In August 2016, a group of students from architecture, design and art universities in the Cirrus network spent 10 days in a summer workshop in Soomaa forests, Estonia, studying the unique context of the area, where the landscape is severely altered by flooding rivers at least once a year. Tutored by architect and artist Sami Rintala (Finland), architect Pavle Stamenovic (Serbia) and Estonian architecture office b210, students built three floating structures – a shelter, a fireplace and a sauna – as a response to the changing and challenging environment of the area.
Two of the three objects have now been opened to the public as part of local forest infrastructure, testing how experimental forest infrastructure could provide for the needs of people living in the area or visiting it. However, one of the structures – the sauna – did not persist the testing, and sunk to the watery depths.
Why build on water? Professor Hannes Praks, head of the Estonian Academy of Arts Interior Architecture department explains: “Wet areas are, recreationally speaking, extremely charming due to the high number of species and unique landscape, but at the same time hard to explore, both in the sense of getting there and staying. VEETEE (in English: Water Way), being located in an area that regularly floods and shifts, develops this competency, exploring ways of being both a transport vehicle and a usable space.”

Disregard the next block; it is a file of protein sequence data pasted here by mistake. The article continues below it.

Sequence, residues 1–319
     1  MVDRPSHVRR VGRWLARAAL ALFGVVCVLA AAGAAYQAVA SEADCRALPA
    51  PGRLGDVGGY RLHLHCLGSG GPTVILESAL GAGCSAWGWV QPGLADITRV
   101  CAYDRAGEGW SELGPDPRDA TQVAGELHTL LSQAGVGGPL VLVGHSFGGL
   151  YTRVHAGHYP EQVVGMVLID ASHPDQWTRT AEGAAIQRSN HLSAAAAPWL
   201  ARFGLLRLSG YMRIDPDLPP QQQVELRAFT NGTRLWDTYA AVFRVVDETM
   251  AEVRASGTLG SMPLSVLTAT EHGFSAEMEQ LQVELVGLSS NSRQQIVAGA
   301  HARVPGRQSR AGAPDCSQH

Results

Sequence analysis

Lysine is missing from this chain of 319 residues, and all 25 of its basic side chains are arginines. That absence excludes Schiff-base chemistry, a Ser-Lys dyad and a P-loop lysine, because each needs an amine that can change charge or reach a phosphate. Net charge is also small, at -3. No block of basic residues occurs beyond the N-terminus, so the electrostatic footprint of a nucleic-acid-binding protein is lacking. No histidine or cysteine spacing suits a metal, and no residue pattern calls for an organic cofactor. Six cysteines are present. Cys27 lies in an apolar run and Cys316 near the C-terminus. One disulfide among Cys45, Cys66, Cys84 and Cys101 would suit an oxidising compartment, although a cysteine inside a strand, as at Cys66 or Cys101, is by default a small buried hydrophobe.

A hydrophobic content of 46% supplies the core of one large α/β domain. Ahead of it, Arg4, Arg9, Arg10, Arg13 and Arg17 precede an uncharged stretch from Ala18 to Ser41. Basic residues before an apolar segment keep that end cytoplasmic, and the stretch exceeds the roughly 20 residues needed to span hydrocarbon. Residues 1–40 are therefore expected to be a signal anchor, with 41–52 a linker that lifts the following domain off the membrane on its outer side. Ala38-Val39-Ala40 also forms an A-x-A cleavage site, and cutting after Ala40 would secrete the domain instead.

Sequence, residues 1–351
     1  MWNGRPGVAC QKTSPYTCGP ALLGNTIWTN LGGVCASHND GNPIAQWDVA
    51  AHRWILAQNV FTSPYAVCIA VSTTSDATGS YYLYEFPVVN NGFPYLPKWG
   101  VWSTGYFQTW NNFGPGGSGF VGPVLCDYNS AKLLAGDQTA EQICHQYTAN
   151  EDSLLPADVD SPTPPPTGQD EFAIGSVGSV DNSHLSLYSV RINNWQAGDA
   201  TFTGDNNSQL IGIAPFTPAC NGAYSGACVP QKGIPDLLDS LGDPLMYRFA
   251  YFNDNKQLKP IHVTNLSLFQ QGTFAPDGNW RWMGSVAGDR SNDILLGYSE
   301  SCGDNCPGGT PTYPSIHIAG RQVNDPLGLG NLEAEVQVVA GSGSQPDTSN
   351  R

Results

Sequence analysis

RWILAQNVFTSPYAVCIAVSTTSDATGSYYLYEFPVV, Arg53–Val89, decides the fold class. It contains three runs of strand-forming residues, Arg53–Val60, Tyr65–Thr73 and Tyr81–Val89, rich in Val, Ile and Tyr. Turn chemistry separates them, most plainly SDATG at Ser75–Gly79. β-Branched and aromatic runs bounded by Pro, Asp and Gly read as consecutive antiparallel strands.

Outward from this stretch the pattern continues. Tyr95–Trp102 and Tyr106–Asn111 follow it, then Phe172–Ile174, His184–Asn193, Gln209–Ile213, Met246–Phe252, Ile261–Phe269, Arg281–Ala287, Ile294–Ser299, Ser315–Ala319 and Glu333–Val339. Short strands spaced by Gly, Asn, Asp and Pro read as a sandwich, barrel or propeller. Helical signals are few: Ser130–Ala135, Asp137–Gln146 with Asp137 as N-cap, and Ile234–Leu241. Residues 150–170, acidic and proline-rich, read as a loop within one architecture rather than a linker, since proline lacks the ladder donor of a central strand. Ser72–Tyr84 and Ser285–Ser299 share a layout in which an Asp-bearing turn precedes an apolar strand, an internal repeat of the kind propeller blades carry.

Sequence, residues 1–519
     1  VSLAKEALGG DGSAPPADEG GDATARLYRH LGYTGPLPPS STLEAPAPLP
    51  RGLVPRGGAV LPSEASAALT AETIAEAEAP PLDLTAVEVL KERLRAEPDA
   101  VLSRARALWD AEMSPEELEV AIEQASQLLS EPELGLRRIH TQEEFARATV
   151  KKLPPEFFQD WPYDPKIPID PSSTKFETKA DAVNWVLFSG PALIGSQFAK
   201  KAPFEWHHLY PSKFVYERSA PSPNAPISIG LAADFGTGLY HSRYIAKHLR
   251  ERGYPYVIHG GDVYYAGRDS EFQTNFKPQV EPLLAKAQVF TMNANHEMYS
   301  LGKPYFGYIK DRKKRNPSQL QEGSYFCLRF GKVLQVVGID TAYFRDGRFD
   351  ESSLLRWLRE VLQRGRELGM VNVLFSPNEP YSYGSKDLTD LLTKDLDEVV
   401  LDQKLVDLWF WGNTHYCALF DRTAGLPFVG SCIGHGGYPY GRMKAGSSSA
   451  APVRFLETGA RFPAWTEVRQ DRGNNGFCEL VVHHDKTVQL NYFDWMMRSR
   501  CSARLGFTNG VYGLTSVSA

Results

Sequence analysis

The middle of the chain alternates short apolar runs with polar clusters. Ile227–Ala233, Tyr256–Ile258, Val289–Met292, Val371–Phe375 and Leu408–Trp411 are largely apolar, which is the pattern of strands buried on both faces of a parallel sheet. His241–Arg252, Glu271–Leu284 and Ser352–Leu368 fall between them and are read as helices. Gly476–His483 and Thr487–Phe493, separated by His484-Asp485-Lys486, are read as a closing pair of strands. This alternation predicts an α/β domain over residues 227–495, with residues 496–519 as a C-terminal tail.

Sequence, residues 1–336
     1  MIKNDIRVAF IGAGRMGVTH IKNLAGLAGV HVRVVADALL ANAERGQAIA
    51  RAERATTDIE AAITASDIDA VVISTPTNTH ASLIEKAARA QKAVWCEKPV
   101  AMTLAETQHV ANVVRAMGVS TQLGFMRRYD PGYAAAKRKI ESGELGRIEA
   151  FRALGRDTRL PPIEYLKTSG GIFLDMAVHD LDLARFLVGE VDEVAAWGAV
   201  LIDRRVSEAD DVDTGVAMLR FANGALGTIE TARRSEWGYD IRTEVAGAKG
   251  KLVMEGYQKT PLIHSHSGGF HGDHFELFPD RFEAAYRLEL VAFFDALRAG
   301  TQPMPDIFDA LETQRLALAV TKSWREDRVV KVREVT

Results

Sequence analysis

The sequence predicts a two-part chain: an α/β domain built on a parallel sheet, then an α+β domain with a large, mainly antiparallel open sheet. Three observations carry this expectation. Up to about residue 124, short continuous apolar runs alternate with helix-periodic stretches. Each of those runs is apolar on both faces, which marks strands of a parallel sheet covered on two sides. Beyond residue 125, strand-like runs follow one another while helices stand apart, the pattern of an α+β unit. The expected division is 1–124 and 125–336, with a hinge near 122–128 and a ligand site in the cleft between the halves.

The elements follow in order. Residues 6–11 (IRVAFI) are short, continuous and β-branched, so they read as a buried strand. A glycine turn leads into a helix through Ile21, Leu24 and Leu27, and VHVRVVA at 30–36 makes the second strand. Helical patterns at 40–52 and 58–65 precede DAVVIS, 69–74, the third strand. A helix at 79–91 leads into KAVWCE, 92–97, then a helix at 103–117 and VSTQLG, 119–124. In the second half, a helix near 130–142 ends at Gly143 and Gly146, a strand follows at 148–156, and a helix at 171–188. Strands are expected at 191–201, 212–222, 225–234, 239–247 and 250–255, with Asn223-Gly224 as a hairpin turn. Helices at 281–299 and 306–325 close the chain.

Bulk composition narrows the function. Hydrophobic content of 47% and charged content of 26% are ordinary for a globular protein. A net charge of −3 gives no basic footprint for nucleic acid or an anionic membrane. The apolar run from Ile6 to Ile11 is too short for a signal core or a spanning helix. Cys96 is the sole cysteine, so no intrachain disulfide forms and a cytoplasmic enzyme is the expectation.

Praks explains the drive for a workshop taking place on the edge of swamps and bogs: “The Wilderness Summer School was born out of the worldwide success of the forest megaphones project. I’ve personally always liked forest infrastructure, huts and paths etc and I believe these small scale wooden infrastructure projects will continue to be our focus and strength for the near term future.”
One of the tutors, Sami Rintala puts the learning and building process in wilderness in wider context: “As an attempt to deal with contemporary challenges, both planetary and local, it is necessary and clever to jump outside the usual game and stratagem of the urban professional life, and seek a counter-phenomena out on the ‘edge’, where people are ripped off from their roles and positions, and need to act on a common ground. People’s real needs emerge, and they need to be fulfilled, and meanwhile ‘design’ becomes just part of ‘making’.”
The wooden installation will be a part of larger network of forest infrastructure organized by the State Forest Management Centre of Estonia, similar to the forest megaphones Ruup, built by students last year.
Soomaa is a mixture of boglands and meandering rivers that flood over seasonally, mostly in spring, when the water raises several meters higher for weeks. The water flows over flood-plain grasslands and forests and covers fields, forests and roads, disrupting connection with the rest of the world. Locals and visitors use boats to navigate the altered territory, but the students took up the challenge to see what types of floating space they could create, responding to the needs of people in the area.
Head of the Interior Architecture Department
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